Manifesto for the New European Commission & the European Parliament 2019 - 2024

Manifesto for the New European Commission & the European Parliament 2019 - 2024

Principles for better policy-making

  1. Evidence-based policy-making:
  2. Before creating new or updating existing rules and regulations, there must be evidence that such action is  indeed required. Any impact assessment must be objective, comprehensive and inclusive. It should analyse the potential impact of regulations on all relevant sectors  and take into account the views of all relevant stakeholders and experts. Public consultations can provide helpful insights but should never be considered a representative snapshot of the EU’s public opinion.

  3. Principle-based, technology-neutral, future proof:
  4. Rather than being overly prescriptive, policy should be principle-based. This gives flexibility to those who have to implement it, which often comes along with significant financial, administrative and technical burdens. Given rapid technological developments and the largely proprietary  nature of technical solutions, policy should not prescribe the use of specific technologies.

  5. Stakeholder involvement:
  6. Given the increasing technical complexity of issues policy-makers need to deal with, it is imperative to consult and involve practitioners into the debates as early as possible and on a regular basis. Academic insights are   invaluable but cannot be the sole driver of the EU’s largely digital future.

EACA represents:

2019-05-02 13_17_36-EACA_Manifesto_2019_web.pdf - Adobe Acrobat Reader DC

Messages to policy-makers

EACA calls on policy-makers to:

  1. Foster innovation, creativity and investment:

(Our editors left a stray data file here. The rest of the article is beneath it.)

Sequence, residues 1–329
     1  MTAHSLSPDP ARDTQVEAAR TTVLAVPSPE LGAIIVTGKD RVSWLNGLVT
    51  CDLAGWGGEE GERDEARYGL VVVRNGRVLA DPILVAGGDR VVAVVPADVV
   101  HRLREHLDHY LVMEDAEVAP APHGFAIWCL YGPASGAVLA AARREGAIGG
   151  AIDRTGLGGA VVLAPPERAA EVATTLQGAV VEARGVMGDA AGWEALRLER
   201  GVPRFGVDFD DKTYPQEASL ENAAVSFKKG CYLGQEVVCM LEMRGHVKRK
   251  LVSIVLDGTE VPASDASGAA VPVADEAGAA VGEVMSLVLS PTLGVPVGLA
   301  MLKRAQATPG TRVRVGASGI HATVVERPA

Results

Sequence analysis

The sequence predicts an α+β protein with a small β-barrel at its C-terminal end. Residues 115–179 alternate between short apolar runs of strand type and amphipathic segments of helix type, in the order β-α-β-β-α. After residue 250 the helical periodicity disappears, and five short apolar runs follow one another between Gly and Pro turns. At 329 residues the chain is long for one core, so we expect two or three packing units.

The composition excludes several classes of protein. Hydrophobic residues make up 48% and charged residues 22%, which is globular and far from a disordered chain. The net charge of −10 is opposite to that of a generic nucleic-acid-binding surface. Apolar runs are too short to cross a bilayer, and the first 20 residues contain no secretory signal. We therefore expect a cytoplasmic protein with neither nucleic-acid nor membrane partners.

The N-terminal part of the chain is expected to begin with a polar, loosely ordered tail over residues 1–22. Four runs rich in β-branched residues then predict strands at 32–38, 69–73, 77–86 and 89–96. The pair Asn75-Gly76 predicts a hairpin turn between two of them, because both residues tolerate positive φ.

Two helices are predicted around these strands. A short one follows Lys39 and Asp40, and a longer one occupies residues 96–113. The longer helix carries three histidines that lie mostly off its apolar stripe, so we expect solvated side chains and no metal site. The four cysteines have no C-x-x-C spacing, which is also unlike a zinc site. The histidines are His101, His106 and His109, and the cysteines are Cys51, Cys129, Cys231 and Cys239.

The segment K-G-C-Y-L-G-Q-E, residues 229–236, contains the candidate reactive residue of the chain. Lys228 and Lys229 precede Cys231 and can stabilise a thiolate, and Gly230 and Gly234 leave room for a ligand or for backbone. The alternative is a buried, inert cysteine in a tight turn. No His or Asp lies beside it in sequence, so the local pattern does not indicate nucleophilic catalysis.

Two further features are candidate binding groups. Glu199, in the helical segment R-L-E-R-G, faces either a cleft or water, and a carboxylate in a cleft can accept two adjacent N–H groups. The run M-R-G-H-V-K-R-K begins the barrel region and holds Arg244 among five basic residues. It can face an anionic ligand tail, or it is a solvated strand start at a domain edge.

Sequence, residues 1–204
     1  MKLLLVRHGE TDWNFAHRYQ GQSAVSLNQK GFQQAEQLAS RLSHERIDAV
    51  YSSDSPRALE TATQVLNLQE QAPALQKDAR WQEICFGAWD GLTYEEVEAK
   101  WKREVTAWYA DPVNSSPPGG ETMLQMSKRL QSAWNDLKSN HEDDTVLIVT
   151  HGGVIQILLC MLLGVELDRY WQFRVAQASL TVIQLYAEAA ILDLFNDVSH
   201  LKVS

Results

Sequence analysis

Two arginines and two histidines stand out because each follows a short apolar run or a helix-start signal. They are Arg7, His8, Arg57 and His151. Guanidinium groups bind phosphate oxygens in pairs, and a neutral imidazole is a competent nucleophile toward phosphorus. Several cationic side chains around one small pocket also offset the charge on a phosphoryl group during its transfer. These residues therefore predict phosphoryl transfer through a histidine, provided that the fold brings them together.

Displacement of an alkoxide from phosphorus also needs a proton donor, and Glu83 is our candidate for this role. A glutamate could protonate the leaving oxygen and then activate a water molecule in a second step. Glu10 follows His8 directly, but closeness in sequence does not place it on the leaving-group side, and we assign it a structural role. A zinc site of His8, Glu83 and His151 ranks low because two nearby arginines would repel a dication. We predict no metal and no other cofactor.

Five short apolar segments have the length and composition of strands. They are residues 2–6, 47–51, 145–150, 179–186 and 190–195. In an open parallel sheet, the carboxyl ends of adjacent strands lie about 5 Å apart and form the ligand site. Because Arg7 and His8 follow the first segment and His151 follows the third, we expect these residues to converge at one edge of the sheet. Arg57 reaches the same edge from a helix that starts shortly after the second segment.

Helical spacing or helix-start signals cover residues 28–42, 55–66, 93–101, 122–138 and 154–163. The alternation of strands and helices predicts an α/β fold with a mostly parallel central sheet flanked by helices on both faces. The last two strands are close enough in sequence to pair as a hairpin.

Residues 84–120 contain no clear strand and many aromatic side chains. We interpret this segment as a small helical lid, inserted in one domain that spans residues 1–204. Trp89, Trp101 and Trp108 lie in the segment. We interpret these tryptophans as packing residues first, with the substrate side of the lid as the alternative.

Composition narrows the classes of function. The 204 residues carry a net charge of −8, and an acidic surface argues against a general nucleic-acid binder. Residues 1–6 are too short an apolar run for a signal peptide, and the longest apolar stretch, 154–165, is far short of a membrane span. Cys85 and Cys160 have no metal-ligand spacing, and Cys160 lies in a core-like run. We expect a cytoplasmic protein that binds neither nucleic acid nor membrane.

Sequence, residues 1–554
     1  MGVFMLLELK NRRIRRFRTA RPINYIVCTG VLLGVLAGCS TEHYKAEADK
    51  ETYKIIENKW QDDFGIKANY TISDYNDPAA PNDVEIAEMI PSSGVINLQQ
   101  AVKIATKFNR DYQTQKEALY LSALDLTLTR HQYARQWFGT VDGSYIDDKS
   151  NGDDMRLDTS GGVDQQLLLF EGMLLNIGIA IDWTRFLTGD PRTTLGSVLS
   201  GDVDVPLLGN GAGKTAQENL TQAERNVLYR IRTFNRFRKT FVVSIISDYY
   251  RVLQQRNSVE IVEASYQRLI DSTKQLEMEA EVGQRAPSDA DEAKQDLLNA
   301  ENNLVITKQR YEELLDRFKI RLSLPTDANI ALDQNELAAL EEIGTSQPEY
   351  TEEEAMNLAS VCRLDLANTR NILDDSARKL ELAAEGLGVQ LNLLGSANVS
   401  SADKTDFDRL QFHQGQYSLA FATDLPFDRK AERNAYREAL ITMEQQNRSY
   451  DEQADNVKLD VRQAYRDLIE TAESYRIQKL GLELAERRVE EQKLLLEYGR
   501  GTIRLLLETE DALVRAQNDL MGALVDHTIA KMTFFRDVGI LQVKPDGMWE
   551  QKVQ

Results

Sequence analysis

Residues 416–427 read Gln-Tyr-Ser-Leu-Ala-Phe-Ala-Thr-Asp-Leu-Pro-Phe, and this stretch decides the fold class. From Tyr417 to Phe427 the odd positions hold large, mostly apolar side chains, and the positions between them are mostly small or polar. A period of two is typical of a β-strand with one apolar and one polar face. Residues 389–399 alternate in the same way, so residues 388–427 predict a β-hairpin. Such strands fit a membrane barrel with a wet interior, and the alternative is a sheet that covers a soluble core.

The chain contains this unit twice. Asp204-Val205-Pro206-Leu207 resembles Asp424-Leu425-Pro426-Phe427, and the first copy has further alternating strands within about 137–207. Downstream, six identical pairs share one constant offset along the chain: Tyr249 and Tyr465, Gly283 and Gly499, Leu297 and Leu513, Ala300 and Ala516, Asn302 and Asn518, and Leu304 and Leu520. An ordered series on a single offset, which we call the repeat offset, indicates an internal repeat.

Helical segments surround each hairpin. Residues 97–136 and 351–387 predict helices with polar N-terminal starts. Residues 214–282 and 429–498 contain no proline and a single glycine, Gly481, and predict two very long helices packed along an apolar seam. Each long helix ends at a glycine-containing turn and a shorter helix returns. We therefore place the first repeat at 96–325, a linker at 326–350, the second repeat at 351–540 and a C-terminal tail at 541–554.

2. The EU’s digital future is going to be data-driven. Big Data, the Internet of Things and Artificial Intelligence are only some examples. It is important that companies have access to and can use such data in a responsible way to develop new and creative services and applications. They need a robust framework and certainty to justify long-term investments.

  3. Recognise the value of ad-based business models:
  4. Many services, applications and content that consumers enjoy daily are funded through advertising – including quality journalism. Sometimes access is conditional upon the use of certain types of data as a value exchange. The responsible and transparent use of data is pivotal to the ad industry and is driver of success and employment.

  5. Uphold advertising self-regulation:
  6. The advertising industry can look back on decades of  successful self-regulation (SR). Responsible advertising is  ensured through robust and coherent codes of conduct, a  complaint-handling mechanism and effective sanctions  administered by a network of self-regulatory organisations. The effectiveness of advertising SR is recognised in key  EU Directives such as the recently updated Audio-Visual  Media Services Directive. Any future legislation should give  SR the proper recognition and the space to thrive for the benefit of European consumers, industry and regulators.

  7. Promote fair business relations and  a level-playing field:
  8. Advertising and media agencies work closely with and invest heavily in  platforms when placing ads online. They must  be able to rely on fair,  transparent and balanced  trading  practices. To  maintain a trust-based relationship, platforms must be transparent, e.g. when it comes to sharing metrics with their advertising clients. This is essential for agencies to objectively assess the effectiveness of campaigns and  consider investment decisions.

  9. Help train and retain talent:
  10. The creative industry  contributes significantly to growth and jobs in Europe.  However, access to  creative talent is not  always easy. While the industry engages in various education  and training programmes (such as EACA’s “Inspire”),  policy-makers should support such efforts by facilitating the recognition of qualifications and enhancing mobility for  employees within and beyond Europe.

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